On the Death of Siegfried Lenz ? ?You have to justify your life?

Siegfried Lenz, one of the great writers of German post-war literature is dead. He died on 7 October 2014, surrounded by his family. He was 88 years old.... more more

GoetheInstitute

15/02/2007

Breathless 7

See all our Berlinale film reviews at a glance.

In slow motion: Olivier Meyrou's "Celebration" (Panorama Dokumente)

This film is craziness itself, starting with the director, Olivier Meyrou. After the screening he explains how the project came about. He wanted to make a movie that would show the "celebration" of a fashion designer who is acclaimed throughout the world. A crazy concept, because Meyrou couldn't care less about fashion. All he's interested in is the "myth" surrounding a world that has nothing to do with him. A friendly, harmless fellow in jeans and a sweatshirt, Meyrou tells with a shudder of the atmosphere in Saint Laurent's offices. "As soon as you come in from the street, it's as if everything is in slow motion. People whisper and walk around on tiptoes before the weakling Yves Saint Laurent, who dominates everything." The etiquette was so foreign to him that he didn't dare ask the man any questions. Instead he filmed other journalists interviewing the fashion king.

Equally crazy is Pierre Berge, Saint Laurent's partner, who initially approved the project.

Shooting began in 1998, at a time when Saint Laurent was simply no longer presentable, a physical wreck, psychologically gaga. At one point a television team waits for him. The journalist is worried. She wants to talk with him about his "emotions". But is he going to show up at all? There's a huge hullaballoo, Saint Laurent's spokeswoman is under such pressure that the viewer cringes. The employees whisper and stare while Pierre Berge tries to lure Saint Laurent from his room upstairs. And then he comes. Berge walks in front of him, the camera follows. His shoulders slumped and his head hanging, he scuffles along the corridor and down the stairs behind Berge. A huge mirror hangs in the landing. Saint Laurent twists his head and leaps in panic to one side. He must have walked by this mirror a thousand times!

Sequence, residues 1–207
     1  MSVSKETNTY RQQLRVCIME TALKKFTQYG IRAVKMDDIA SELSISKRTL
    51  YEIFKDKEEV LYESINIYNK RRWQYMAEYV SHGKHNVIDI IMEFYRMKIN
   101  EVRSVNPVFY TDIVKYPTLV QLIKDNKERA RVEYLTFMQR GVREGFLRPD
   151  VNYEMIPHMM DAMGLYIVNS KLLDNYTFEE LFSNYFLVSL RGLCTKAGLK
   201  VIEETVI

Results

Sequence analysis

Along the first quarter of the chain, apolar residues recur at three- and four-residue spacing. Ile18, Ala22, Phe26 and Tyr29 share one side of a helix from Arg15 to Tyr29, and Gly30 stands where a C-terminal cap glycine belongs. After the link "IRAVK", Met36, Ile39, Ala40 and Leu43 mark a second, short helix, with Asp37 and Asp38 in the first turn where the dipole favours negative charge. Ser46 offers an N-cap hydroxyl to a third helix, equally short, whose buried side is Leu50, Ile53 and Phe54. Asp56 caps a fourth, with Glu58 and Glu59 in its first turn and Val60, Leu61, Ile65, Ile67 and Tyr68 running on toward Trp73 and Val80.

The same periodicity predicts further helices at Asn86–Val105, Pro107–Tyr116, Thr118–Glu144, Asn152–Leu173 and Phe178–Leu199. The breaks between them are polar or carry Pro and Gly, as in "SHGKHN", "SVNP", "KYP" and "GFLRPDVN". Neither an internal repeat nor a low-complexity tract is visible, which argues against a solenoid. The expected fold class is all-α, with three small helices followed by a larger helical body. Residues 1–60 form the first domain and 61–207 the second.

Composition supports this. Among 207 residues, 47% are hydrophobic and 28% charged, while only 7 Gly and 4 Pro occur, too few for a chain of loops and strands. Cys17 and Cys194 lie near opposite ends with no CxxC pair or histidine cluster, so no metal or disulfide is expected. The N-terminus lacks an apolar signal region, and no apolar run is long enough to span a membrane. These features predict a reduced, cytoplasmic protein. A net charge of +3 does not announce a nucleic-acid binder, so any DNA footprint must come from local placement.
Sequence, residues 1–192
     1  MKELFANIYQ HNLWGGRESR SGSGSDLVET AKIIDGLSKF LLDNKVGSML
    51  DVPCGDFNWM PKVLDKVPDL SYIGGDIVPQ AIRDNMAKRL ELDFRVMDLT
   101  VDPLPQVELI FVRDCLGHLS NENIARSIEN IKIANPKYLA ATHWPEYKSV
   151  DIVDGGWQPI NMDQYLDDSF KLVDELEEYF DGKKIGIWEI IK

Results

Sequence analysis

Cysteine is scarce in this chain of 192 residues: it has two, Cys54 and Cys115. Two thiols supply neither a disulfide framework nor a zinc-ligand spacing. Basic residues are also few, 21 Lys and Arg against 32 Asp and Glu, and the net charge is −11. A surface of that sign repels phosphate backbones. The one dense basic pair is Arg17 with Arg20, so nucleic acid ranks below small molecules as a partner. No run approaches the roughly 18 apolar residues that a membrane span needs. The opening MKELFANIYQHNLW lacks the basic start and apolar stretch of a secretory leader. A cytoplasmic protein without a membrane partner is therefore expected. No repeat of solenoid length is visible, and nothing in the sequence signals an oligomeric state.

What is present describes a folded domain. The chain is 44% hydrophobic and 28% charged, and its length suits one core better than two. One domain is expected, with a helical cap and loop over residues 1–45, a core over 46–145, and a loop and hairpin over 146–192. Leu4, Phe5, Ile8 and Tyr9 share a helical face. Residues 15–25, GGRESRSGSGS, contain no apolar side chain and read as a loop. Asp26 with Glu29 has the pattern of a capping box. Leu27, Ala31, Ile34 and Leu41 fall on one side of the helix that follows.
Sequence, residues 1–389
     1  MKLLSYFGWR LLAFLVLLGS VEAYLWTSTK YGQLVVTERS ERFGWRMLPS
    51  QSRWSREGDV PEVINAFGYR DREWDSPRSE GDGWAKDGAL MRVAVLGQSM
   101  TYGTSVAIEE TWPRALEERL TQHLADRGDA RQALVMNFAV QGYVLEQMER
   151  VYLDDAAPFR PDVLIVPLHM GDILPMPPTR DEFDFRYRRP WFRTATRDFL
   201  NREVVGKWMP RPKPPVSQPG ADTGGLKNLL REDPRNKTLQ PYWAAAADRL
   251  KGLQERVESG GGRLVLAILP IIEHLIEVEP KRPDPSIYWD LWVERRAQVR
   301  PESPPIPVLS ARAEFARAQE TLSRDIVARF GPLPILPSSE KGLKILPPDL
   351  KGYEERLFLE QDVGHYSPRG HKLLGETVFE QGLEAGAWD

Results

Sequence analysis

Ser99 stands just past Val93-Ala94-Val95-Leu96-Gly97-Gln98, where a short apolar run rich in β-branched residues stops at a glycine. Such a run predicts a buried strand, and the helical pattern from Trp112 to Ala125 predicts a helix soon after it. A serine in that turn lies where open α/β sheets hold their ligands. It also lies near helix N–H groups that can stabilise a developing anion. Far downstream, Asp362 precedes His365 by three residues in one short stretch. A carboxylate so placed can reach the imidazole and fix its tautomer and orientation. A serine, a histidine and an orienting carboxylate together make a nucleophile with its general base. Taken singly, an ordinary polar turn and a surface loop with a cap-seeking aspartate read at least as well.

Later we see him interviewed by a French journalist. He has decided to make a new start. "I've decided to cast away my fears." He sticks out his upper lip. "I've decided to enjoy my life, and take pleasure in my work." A shy smile, again his upper lip is protruded. A coquettish old man pouting like a seventeen year old girl. But the most alarming thing about the film is that this ghastly atmosphere was not created by Berge, or any other businesslike men in suits. They have not transformed the employees into servants and the creative genius Saint Laurent into a spectre. Saint Laurent himself has created this atmosphere. Everyone is afraid of him. Even Berge is afraid of him. Berge's mouth twitches just like Saint Laurent's.

No wonder all this was foreign to Meyrou. How could it be otherwise? Nevertheless he must be reproached for his lack of interest in Saint Laurent's metier. The clothes remain completely in the background, and this degrades everyone who works on them, the seamstresses, couturiers, even Loulou de Falaise, to abject, obsequious slaves. Their pride remains incomprehensible, bizarre. The film can't be shown in France, on Saint Laurent's orders.

Anja Seeliger

"Celebration". Director: Olivier Meyrou. France, 2006, 74 mins (Panorama Dokumente)



A load of Spartans go bust. Zack Snyder's "300" (Competition out of competition)


This film was shot in hues of green and blue. Based on Frank Miller's comic ("Sin City" and "The Dark Knight Returns,") Zack Snyder has painted the battle of Thermopylae in pixels, searching for the land of the Greeks with the computer. Before backgrounds that they had no idea existed when the film was shot, men with muscles, swords and shields roll their eyes and declaim words as if they were standing on a Greek stage. Instead it's just Persian corpses, piles and piles of them.

Their bodies are of steel, their dialogues of brainless goo. Blood squirts. The air is a hail of arrows. Half-naked women's bodies squirm, wriggle and writhe. Half-naked men's bodies beat themselves black and blue, and the film sweats boyhood fantasies from every pore. Of course, anyone who considers cheap sci-fi paperback covers high art, anyone who sees in David Hamilton a poet of the female body, anyone who loves colour filters from behind which Greece's laboriously rendered mountains, ravines and planes, shine now golden, now tinny, anyone who confuses the fatuous spitting of grandiloquent claptrap with poetry and heroism or simply wants to giggle at a spot of fascist camp, will no doubt be on their knees before this leaden comic-book film like Leonidas before the beauteously pierced King and demi-god Xerxes. Let the rest of the world do then as Spartan warriors, and let them hurl towards this drivel their words like spears, in the hope – albeit vain – of cooking its goose.